Building Materials


Today’s sky was cloudless, the sun shone, and the temperature was hot enough for summer.

Most of our tulips are now fully opened.

The mirrors, like these beside camellias, now have blooms to reflect.

Heucheras and forget-me-nots

Heucheras and forget-me-nots are enlivening the rose garden edges.

Comma butterfly

Butterflies, including commas, freely flit about.

Cherry blossom

Now that the winter flowering cherry is thinking about shedding its blossom, others are coming into full bloom.

Naturally, we took a drive into the forest.

For most of the stretch of road between Burley and Bransgore we were treated to a generous display of shiny MAMIL backsides. It was difficult to construe the occasional cyclist’s veering across the centre of the road other than as designed to prevent any thoughts of overtaking the crocodile.

Horse and rider

By contrast, the equestrian on the horribly pock-marked Snails Lane had the good sense to tuck in her steed and wait as we approached.

Perched on the backs of long-suffering donkeys at Ibsley, a clattering of jackdaws filled their beaks with the creatures’ soft, flexible, hairs pecked out for use in nest building. As I approached the scene, the birds flew off. Uncomplaining, silent, and motionless, this forlorn creature fixed me with a baleful eye.

Donkeys shared the road with cattle at Gorley Lynch,

but at Hyde they were reluctant even to share it with motor vehicles.

We lunched at The Hyde Out Café then collected a blood test referral form from our GP. This is for a post-hip-replacement follow up. There are no problems but I have been asked for this and the completion of a questionnaire because, in the years since my operation, involving a metal on metal replacement, it has emerged that that method has led to later difficulties for some people. My knees are nothing to do with that.

Paul popped in for a visit this afternoon, and we enjoyed our customary pleasant conversation. Modern life and its geography means that this is something that doesn’t happen very often now, and it is our loss.

This evening we dined on Jackie’s splendid chicken jalfrezi and aromatic pilau rice with which I finished the Shiraz



  1. True. Dropping by was the way we caught up with each other and it was lovely and uncomplicated…spontaneous. Now appointments are necessary…busy , busy, busy.

  2. Do you think the donkeys really do hate it, or maybe they don’t mind the attention–
    May I use one of your photos of donkey and jackdaws to accompany a poem?

    1. IT’s difficult to know about the donkeys. They never complain. I’d be very honoured if you would use a photo for that purpose, Pleasant. Many thanks

      1. Agree with John’s comment above. They’re hard to confuse with anything else British, at least until the autumn when other varieties begin to look the worse for wear.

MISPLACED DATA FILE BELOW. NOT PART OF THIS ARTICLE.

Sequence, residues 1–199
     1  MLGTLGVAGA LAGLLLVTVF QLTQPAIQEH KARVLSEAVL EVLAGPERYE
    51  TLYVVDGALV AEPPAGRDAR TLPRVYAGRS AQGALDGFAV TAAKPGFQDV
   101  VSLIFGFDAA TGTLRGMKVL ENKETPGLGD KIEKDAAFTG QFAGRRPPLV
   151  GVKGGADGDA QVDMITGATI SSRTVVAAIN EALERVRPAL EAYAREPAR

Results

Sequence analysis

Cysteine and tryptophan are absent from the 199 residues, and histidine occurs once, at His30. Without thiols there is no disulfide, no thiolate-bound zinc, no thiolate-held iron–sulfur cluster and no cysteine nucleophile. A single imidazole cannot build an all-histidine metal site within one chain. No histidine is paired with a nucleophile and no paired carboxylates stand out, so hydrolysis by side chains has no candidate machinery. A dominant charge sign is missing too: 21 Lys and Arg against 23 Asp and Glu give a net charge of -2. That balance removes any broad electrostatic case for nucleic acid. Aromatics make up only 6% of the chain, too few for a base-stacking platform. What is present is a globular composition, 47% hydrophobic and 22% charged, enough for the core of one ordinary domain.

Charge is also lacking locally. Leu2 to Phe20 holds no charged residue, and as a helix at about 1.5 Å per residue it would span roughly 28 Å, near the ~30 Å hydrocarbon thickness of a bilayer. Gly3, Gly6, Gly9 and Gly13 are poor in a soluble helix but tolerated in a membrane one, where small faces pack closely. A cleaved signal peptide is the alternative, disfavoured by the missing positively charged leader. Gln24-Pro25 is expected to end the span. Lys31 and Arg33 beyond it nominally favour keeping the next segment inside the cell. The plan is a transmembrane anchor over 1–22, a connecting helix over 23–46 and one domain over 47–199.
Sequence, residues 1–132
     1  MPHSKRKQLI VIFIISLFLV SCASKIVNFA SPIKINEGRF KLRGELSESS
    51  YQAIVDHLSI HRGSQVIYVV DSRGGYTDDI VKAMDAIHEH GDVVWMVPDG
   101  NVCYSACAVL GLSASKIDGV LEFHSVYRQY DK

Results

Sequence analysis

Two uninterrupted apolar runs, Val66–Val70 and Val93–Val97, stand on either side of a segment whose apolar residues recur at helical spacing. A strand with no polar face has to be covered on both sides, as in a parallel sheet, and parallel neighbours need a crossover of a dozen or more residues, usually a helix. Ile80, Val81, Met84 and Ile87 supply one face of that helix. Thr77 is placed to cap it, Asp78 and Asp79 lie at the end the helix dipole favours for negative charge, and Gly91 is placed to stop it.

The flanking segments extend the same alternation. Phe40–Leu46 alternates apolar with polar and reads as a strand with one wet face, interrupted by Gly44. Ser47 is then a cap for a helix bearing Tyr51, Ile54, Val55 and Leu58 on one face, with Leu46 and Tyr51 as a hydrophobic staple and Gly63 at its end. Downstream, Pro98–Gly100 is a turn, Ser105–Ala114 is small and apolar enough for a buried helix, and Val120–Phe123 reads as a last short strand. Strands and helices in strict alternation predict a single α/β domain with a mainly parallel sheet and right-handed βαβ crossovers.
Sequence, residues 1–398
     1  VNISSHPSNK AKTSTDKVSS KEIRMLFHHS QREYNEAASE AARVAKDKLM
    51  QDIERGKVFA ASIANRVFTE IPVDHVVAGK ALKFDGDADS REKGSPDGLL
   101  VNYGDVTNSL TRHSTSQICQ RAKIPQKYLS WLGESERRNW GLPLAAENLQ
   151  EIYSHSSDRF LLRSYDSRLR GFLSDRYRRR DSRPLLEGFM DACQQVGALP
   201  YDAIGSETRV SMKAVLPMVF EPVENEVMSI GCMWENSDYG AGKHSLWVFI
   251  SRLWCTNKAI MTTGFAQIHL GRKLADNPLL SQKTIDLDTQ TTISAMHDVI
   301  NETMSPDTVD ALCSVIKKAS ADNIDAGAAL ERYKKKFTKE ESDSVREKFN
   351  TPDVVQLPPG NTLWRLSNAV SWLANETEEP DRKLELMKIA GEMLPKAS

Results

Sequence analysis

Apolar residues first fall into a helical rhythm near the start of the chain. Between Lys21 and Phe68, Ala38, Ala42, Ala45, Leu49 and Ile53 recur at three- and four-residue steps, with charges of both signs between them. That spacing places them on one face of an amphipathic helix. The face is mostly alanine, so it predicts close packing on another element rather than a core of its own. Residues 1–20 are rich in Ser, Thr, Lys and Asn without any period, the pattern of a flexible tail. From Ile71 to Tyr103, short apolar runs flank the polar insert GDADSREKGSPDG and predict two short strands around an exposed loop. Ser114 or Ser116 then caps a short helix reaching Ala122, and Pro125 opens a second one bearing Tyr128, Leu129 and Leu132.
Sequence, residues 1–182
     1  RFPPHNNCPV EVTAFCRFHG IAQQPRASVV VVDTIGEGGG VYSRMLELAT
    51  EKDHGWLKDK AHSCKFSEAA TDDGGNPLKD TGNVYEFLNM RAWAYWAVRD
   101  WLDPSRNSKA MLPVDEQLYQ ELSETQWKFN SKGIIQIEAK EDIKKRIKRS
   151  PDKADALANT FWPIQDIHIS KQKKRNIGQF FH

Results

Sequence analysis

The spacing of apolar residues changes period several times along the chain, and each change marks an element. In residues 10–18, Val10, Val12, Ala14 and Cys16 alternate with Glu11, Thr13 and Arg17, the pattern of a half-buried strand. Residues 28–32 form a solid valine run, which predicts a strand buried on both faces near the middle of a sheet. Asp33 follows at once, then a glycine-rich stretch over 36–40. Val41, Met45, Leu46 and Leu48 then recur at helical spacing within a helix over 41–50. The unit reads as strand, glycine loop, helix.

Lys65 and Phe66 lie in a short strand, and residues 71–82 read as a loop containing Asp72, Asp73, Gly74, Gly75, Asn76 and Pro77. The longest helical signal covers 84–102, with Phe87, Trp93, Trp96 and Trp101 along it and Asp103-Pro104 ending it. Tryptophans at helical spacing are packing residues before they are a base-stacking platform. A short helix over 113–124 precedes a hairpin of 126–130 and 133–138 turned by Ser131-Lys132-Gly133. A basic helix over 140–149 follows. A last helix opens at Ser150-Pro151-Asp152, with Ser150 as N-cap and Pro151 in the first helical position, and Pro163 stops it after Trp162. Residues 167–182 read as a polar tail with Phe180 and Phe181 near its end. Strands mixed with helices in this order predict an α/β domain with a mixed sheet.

3. It looks like spring has truly sprung there! It is bright and sunny here today, but still colder than usual.
    That poor donkey! He certainly looks forlorn. I can’t believe the jackdaws just pulled hair right from him.

      1. I wonder if maybe they eat bugs, as well? Maybe it’s just me trying to look on the good side, but I’d prefer to think that the birds are helping out.

  4. Poor little donkey – perhaps he’s a little unwell – maybe that’s why the jackdaws could be so very cheeky? Nice to hear warmth has arrived, it’s back here too 🙂

  5. I looked up “heucheras” and, as I thought, they are what I call coral bells. I love them so much, and so do the hummingbirds. Your garden is coming into itself. Looking forward to this year’s show.

  6. The poor donkey. It looked pretty unhappy. Your garden, however, looks its usual well-cared for self and the butterfly was no doubt enjoying it. As for your hip, goodness, there are complications in modern medicine. I hope all remains well.

  7. I didn’t know the jackdaws fleeced soft fur for their nests from poor, decrepit ponies. That’s cruel to say the least. Perhaps we need to steel ourselves for the ways of the world. At least a hip or a pair of knees…

  8. Oh, that donkey! Poor creature. I don’t suppose there is anything the donkey can do to stop the birds from plucking. Lovely, lovely flowers. So cheering as the landscape in central Maine is utterly dismal. I think Spring has forgotten us. Is it something we said, I wonder?

  9. “Jackie’s splendid chicken jalfrezi and aromatic pilau rice”: so THAT’s what I could smell when I arrived (note to self: must arrive later next time I call in at short notice… ) We discussed the jackdaw/donkey ‘symbiosis’ (if that’s what it is): other posters’ comments have led me to wonder if the birds indeed have picked on a weak or ill animal that doesn’t have the strength to shake them off. The ability of more predatory species than these to pick off the sickly and weakened from a herd or flock is widespread across Nature, so it may not be as “you-scratch-my-back-&-I’ll-scratch-yours” as it looks.

  10. Just catching up again, Derrick and Jackie. The gardens look like they are coming along nicely.

    The poor donkey! I’ve never seen birds plucking them directly for nest material before.

    1. Always welcome, Lavinia. We have seen birds pecking at donkeys before, and assumed they were taking off bugs. This is the first time we have seen them flying off with the fluff. A local driver confirmed they were using it for nest building

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